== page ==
The digital exchanges also allowed new functions such as CallerID. A few of these functions were built in when the exchanges were installed in the mid to late 1980s (except some very outlying ones that weren’t installed until the 1990s). You got more services simply because the digital exchanges could support features that an analogue exchange couldn’t.

        The point is that all of the improvements that you’re talking about are due to new technology which was being installed at the time and not deregulation or any competition (not that there’s any competition around then or now (Saturn tried and failed)). This is one of those times when correlation does not prove causality.

        Now, as to the cost of competition. Think about it – how much would it cost to put in an entire national network that connects all homes? It’s damned expensive and why there’s still pretty much only one network in the country and why all the “competition” lobbied for LLU. If we had more than one national network we would have competition but those networks are still going to have to be paid for from monthly charges. Best case scenario is 100%/n (where n is the number of networks) split so prices will have to go up. Bureaucracy will have to increase as well because each network will have similar needs to run and to cater for the b2b negotiations for interconnectivity which will also increase pricing.

        • getstuffed 8.1.3.1

          See now thats what im taking about. Very nice post!

        • Daveski 8.1.3.2

          I have no doubt that technology has enabled some improvements. Likewise, the customer experience under the monopolies was absolutely appalling – and there was no need for these monopolies to improve their service.

          One caveat, I also have no doubt that the electricity experiment hasn’t worked.

          • Draco T Bastard 8.1.3.2.1

            Technology has enabled all improvements. The customer experience hasn’t changed much at all – the people there still do as much as they can for the customer. The only complaints I’ve ever seen about customer service was that it took so long to get anything done and that was solely due to having to get somebody to go do it ie, everything can’t be done all at the same time. BTW, those complaints still exist and it’s for the same reasons – it’s because the infrastructure isn’t actually there or it requires organising getting someone there to do the job.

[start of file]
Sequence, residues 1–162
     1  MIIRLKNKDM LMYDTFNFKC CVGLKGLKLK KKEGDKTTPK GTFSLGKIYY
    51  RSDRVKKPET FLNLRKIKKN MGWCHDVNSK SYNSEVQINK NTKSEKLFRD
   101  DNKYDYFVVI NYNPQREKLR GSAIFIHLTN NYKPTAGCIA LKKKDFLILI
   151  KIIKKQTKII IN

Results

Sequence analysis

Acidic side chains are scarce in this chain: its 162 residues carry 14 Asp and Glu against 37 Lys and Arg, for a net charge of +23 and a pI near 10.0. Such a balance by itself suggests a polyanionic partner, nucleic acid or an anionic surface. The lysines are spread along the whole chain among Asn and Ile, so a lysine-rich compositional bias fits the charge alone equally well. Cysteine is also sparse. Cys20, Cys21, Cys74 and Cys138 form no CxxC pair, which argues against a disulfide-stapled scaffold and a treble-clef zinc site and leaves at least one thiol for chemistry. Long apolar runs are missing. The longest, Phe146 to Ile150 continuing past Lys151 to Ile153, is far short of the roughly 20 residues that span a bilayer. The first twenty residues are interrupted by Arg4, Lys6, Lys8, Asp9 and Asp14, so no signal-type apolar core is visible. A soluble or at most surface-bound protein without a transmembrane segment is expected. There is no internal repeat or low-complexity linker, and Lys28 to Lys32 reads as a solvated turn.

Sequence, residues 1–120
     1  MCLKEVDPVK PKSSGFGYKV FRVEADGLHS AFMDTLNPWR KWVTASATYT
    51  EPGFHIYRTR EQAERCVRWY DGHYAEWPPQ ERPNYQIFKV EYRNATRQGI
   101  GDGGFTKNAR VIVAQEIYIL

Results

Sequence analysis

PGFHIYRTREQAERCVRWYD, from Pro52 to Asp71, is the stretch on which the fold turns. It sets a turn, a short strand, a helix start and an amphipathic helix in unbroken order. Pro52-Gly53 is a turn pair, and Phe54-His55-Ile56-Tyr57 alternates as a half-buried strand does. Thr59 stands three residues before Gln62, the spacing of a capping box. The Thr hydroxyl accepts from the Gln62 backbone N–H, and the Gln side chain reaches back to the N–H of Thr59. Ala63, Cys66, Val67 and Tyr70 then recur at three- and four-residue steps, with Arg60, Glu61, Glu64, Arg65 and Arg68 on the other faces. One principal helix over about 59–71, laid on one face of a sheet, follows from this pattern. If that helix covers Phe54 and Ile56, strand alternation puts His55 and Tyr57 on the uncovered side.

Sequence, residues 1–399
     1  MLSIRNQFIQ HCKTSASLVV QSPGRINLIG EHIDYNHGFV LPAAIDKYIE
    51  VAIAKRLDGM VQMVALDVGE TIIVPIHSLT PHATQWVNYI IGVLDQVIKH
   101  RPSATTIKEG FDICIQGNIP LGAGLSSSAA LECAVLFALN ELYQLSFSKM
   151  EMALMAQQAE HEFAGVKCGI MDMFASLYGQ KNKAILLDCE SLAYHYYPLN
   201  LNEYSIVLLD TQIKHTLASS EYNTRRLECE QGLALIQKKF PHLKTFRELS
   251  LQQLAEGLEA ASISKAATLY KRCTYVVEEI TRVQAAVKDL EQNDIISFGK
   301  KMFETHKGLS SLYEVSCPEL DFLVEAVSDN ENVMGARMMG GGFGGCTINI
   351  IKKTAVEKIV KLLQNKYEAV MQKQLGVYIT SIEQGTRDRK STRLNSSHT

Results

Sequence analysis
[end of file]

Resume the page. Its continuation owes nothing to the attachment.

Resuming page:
9. getstuffed 9

    Hey here is an idea for you.

    Rather than bitching over the fact they cant deliver everything they wanted too, how about you investigate the matter a little further and come up with a better idea and promote that.

    I think you will find people might find that sort of thinking a healthier way discussing contentious policy decisions.

    You cant honestly believe that Labour would be doing a better job in this area? You and i both know they wanted Telecom to play a major role in sorting out the fibre issue, else they would have realised a region plan dispenses with the vertically-integrated monopoly you would get from a national grid and had policy to reflect this superior deployment of private sector interests.

    See that, nope, well what i did there was contrast one aspect of Labour and Nationals bb plans where they and gave an opinion. Leaving room for discussion on both ideas.

    Perhaps that is a better tact to take. You boys are all Labour hierarchy aren’t you? Deploy this sentiment to your public dialogue and give me something other than gutter politics for once.

    • BLiP 9.1

      Your argument fails in its first sentence:

      SNIP . . . Rather than bitching over the fact they cant deliver everything they wanted too . . . SNIP

      National never wanted to. They just said they did.

      • Daveski 9.1.1

        Just as Labour said we’d return to the top half of OECD which has been denied by the BOFH 🙂

        • BLiP 9.1.1.1

          Well, not being a Labour Party voter, IMHO, the OECD target was genuinely an aspirational goal, if a silly thing to say so loudly and widely. The failure to reach the objective has become a bit of a mantra for the right but was it really that wonderful an ambition? See, to move up the particular rankings you are referring to, our Kiwi society would have to suffer a further expansion in the rift between the rich and the poor and that’s not really a price I believe we should pay. By all means repeat yourself until you’re blue in the face, it indicates to me there’s not that much else for you to mutter about.

          So far as my comment to Getstuffed is concerned, it was just a wind up. I was annoyed by his tone, patronising manner, and hyprocrisy. Also, I didn’t think he should get away with trying to somehow say “oh, poor National, its not their fault” when, quite clearly, they have no idea how to make real their broadband promise.

    • Tane 9.2

      Labour hierarchy? Fuck you lot are a laugh.

      The reality is Labour’s pre-election policy on broadband is irrelevant to this discussion – they lost the election, remember? They don’t get to implement it.